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  • Wurlitzer Bass Drum, Model No. 1460

    by Rhythm Scene Staff | Sep 07, 2020

    Wurlitzer Bass Drum

    Donated by Tom Lonardo, Jr., 2009-02-04

    The Rudolph Wurlitzer Company was established in 1856 in Cincinnati, Ohio by Rudolph Wurlitzer (1831–1941), a German immigrant whose family had manufactured and sold musical instruments for over a century before his birth. Wurlitzer’s Catalog Number 118, dated 1921, states that Wurlitzer is the “Largest General Musical House in the World,” and as such, manufactured and sold all types of drums and percussion instruments.

    Page 75 of the catalog bears the heading “The Unrivaled Wurlitzer Bass Drums” and includes the Model No. 1460 Bass Drum, a rope-tuned drum available in ten different sizes, ranging from 12 to 14 inches in depth and from 24 to 36 inches in width. The drum was available in either maple or mahogany shells, and it had detachable leather ears with “improved type cord hooks.” Twelve ears, each with a pair of hooks, are shown on the catalog picture.

    This 12 x 26-inch drum was part of a collection belonging to Tom Lonardo, Sr., who owned Lonardo Piano Co. in Paris, Tennessee from 1963 to 1991. It features a 3-ply mahogany shell—reinforced inside by two maple hoops—and natural-finished maple counterhoops. Though originally manufactured with twelve leather tuning ears, only eleven decorated, leather tuning ears remain. These ears, in conjunction with the eleven “improved” cord hooks on each side of the drum, provide tension on the rope for tuning the two calfskin heads. Inside, a prominent paper label identifies the maker: “The Rudolph Wurlitzer Co. Manufacturers of Drums, Band Instruments. Cincinnati, O. Send for Catalogue.”
  • Shelly Manne’s Gladstone Snare drum

    by Rhythm Scene Staff | Aug 10, 2020

    Gladstone Snare Drum

    Donated by Florence “Flip” Manne, 2011-06-01

    Shelly Manne’s extensive career encompassed every facet a musician could aspire to achieve. Born into a musical family, he began drumming at age 17 in New York, ultimately performing with top-name big bands and small jazz combos comprised of many legendary jazz and classical artists. After moving to California, he established himself as a first-call musician for the major television and movie studios, where he recorded hundreds of TV and film scores, including several of which he composed.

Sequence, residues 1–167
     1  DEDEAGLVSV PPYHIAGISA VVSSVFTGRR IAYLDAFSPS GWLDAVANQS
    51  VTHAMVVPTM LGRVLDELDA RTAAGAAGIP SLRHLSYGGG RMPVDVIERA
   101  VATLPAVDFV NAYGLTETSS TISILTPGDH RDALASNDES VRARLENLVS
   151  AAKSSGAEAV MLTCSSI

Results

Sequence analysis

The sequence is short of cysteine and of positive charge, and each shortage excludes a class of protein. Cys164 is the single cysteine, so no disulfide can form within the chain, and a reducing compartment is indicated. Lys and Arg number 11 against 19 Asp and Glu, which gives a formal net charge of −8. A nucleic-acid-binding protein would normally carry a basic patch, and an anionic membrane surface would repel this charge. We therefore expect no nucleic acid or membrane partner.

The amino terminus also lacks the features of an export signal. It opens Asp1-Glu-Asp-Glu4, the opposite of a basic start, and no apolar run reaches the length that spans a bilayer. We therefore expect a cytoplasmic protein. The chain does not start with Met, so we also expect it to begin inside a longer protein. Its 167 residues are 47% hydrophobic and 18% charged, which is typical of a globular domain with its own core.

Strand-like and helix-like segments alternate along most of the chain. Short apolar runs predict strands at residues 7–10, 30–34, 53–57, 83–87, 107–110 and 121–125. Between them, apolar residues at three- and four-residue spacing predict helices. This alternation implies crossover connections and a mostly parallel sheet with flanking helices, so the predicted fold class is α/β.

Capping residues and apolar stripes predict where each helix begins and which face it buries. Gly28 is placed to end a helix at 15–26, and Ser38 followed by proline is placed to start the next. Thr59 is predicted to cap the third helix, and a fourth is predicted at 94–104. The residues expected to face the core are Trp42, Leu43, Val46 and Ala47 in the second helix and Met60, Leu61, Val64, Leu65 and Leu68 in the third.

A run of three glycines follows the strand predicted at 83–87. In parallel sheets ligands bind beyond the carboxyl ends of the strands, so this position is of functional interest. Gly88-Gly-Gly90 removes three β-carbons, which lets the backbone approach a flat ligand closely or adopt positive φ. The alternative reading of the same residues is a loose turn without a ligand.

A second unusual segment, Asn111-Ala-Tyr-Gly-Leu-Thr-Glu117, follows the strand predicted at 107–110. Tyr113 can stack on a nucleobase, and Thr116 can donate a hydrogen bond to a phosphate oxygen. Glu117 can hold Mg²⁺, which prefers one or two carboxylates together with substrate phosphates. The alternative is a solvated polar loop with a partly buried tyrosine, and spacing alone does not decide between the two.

When Shelly was young, his father, Max Manne, also a famous drummer, was a manager at the Roxy and Radio City Music Hall theatres, where Billy Gladstone, the snare drummer for Radio City Music Hall, was a close family friend. Therefore, Gladstone was the logical choice as Shelly’s teacher, mentoring Shelly as a student and assisting him in acquiring drums for his first professional position. When Glad- stone began to manufacture snare drums, Shelly was one of the first to receive one.

    Gladstone built about 50 snare drums, many of which no longer exist. Shelly’s drum is labeled “No. 1.” However, Gladstone had also begun to work on a second drum for the New York Philharmonic’s snare drummer, Buster Bailey. As it was completed before Shelly’s drum, Gladstone affixed the label “Drum #0” on the Bailey drum, which is currently on loan to the PAS museum collection.

    Shelly’s 8-lug drum is constructed from a 6 x 14-inch, three-ply, wooden Gretsch shell, finished in black lacquer, with no interior reinforcement rings. The hardware is gold plated, making this the only Gladstone drum in this color combination.